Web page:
Jay-Z Motivates and Inspires During Engaging Concert at the Q


  • Photo by Emanuel Wallace
There is an old adage suggesting that hip-hop is a young person's game and that the pioneers and forefathers who paved the way for the new generation of upstarts should quietly make their way to the land of retirement — Jay- Z never got that memo.

The soon-to-be 48 year-old rapper and businessman recently released his 13th solo album, 4:44, to nearly universal praise from critics and fans alike for the album's abundant peek into the personal life of Jay-Z. The 31-date North American tour pulled into the Q last night with support from Chicago rapper Vic Mensa.

The crowd was still filing into Quicken Loans Arena as Mensa went through a suite of about six or seven songs including "Didn't I (Say I Didn't)." Toward the end of his set, Mensa brought out renowned Chicago poet Malik Yusef and implored fans in the audience to put their lights up for the victims of mass incarceration.

See more photos from the concert right here.

After a short break for set change, the orange-ish hue of lights on the stage went dark, and cell phones began to light up in anticipation as the eight strategically placed screens began to project a video depicting Jay-Z's face burning into flames with the Alan Parsons Project's "Don't Let It Show" playing in the background. The song led into "Kill Jay Z," a track which samples Parsons and is 4:44's opening track.

Jay-Z emerged, greatly pleasing the crowd that now appeared to be at full capacity and ready to have a good night, putting to rest the notion that the concert wasn't selling well.

The stage for the show was quite unique. While not exactly a circle, the stage offered a 360-degree view of the artist with the band below. That combined with the aforementioned screens ensured that there really wasn't a bad seat in the house. With a catalog of hits that spans from 1996 up until current day, it became apparent that the show would be a combination of fan favorites along with the newer material released earlier this year. Four of the first five songs Jay-Z performed were all from different albums. Watch the Throne's "No Church in the Wild" was followed by The Black Album's "Lucifer" (which also transitioned midway though the song to Reasonable Doubt's "D'evils") and so forth.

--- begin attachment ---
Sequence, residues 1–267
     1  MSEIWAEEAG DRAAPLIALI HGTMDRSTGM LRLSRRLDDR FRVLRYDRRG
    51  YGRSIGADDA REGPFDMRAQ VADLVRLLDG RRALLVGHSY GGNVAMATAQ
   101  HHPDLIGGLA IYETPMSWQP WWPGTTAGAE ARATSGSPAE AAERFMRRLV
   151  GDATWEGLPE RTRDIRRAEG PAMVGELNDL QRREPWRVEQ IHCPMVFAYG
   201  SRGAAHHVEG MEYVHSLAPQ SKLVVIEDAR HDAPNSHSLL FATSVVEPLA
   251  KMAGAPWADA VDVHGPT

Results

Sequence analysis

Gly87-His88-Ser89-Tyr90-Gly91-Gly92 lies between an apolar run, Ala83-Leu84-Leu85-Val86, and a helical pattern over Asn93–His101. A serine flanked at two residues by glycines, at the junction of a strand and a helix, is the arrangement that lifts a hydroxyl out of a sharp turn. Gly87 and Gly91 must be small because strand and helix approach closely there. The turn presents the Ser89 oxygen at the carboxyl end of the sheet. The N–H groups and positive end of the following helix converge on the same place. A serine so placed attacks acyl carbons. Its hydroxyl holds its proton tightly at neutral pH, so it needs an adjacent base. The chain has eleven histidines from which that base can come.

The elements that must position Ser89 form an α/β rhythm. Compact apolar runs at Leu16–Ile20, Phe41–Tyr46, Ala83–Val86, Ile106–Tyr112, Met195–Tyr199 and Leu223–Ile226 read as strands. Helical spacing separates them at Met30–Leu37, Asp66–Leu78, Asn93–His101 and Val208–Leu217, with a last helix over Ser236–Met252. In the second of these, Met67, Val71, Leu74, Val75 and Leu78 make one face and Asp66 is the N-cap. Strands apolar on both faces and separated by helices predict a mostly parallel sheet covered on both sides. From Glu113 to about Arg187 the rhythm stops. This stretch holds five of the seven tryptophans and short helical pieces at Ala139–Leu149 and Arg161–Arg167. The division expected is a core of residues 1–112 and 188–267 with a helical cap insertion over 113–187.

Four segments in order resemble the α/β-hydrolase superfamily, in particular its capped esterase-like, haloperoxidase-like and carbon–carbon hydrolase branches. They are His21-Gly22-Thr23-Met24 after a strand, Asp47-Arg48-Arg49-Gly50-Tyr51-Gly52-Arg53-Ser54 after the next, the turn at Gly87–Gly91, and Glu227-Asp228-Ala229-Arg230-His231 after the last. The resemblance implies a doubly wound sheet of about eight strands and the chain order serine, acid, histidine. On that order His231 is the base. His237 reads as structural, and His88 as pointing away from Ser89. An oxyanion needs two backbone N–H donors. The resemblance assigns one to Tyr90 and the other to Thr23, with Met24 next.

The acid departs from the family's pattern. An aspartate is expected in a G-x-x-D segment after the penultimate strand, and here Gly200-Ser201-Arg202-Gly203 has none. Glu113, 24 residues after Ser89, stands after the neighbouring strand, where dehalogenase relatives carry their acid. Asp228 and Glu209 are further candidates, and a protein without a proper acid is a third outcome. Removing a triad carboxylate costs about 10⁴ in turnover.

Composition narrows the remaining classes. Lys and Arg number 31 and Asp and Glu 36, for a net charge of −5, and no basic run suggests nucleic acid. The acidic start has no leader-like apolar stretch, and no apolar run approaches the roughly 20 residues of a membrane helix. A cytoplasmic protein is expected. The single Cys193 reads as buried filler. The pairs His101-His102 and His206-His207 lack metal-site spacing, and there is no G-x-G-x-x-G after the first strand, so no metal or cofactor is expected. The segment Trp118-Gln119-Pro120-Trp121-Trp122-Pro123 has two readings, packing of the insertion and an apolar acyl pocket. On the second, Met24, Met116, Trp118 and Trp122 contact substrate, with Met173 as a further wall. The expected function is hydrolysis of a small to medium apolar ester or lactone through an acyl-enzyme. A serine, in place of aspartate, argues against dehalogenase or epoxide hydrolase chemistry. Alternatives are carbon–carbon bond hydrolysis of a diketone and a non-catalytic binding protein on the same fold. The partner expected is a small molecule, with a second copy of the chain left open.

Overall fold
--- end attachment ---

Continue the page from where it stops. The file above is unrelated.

The empty stage was an instrument in itself, and Jay-Z played it well. During his most solemn and vulnerable moments, he stood still in the center with his head down, as he did when performing his heartfelt apology to his wife Beyonce on "4:44." At other times, that same stage was his playground as he darted from side to side engaging with the audience singing along with the rapper word for word.

In addition to entertaining, Jay-Z also strove to motivate and empower. He dedicated his diatribe on race relations, "The Story of OJ," to Muhammad Ali, Dick Gregory and others before him that made it possible for him to talk his shit. He called a young girl closer to the stage, and while reminding her that America is more sexist than racist, he still told her that she could one day be President of the United States.

As the show began to wind down, Jay-Z talked about the importance of mental health awareness and dedicated "Encore/Numb" to Linkin Park's Chester Bennington, who killed himself earlier this year.

In one of the lighter moments of the two-hour long show, just before Jay-Z exited through the crowd, he invited some people onto the stage to help him poke fun at his friend Lebron James who recently crowned himself the King of New York. "I'm the King of Cleveland now," Jay-Z said. It was an excellent show, but not so fast.

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